Bank of England's Andrew Bailey says Bitcoin is 'not money'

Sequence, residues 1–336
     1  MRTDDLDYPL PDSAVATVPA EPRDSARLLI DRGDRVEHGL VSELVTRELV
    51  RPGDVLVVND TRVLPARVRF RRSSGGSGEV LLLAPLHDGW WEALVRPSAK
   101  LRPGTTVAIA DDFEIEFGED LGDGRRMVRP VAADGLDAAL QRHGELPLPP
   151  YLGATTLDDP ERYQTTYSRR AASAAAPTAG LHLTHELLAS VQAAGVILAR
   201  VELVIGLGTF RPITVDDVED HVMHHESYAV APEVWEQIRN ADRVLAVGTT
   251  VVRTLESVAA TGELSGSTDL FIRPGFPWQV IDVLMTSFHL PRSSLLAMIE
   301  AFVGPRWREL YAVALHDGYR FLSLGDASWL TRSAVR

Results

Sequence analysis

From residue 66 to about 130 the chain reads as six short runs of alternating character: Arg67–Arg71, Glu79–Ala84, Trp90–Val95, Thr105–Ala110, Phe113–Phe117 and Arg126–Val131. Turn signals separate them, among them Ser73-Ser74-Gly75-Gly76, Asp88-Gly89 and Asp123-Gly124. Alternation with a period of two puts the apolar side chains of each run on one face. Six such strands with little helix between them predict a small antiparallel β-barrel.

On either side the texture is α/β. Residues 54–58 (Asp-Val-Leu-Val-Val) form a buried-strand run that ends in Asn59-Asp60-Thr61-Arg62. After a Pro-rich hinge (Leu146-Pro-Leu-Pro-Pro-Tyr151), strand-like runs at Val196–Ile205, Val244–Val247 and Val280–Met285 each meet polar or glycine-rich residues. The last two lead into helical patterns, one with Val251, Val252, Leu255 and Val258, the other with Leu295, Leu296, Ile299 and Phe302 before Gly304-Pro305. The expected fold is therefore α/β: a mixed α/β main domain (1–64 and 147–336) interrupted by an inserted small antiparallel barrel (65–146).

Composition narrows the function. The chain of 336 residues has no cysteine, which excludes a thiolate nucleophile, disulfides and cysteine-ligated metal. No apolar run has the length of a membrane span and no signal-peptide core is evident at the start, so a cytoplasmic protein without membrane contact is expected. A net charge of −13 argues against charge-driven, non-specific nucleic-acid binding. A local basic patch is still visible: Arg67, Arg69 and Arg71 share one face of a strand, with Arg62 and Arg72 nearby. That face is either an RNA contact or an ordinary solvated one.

The Governor of the Bank of England said today that cryptocurrencies like Bitcoin are "not money", but added that stablecoins – cryptoassets pegged to fiat currencies – could become "systemic" in the financial system. Governor Andrew Bailey warned in TheCityUK's annual conference speech that there will be "hard love" for fintech companies, but added that the UK will experience "a solid form of innovation". Bailey has repeatedly said that the UK central bank is exploring stablecoins, crypto assets pegged to fiat currencies like the euro or the US dollar, and the benefits of central bank digital currencies (CBDCs). But Bailey has repeatedly warned of the perceived dangers of decentralized digital assets like Bitcoin. “Stablecoins have the potential to be systemic in terms of their importance to the financial system and its stability,” he said. “They [stablecoins] are different from cryptoassets like Bitcoin, which have no backing and therefore no anchors to stabilize value. A crypto asset is not money (hence the term cryptocurrency is misleading) and has no real value because it has no backing.” Bailey added: “I've met libertarian-minded crypto enthusiasts who don't trust the value of something backed by anything more than something backed by the government. Suffice it to say I disagree.” Bailey went on to say that major tech platforms can issue stablecoins, so the central bank is keeping an eye on them. “The Bank of England Financial Policy Committee has set its expectations to inform the design and regulation of stablecoins,” he said. Crypto's Cold War: The US and China's Battle for Blockchain Supremacy Stablecoin is a digital asset that aims to reduce price volatility, often backed by fiat currency. Unlike Bitcoin or Ethereum, stablecoins do not tend to fluctuate in value. Stables like Tether's U for crypto investors and traders

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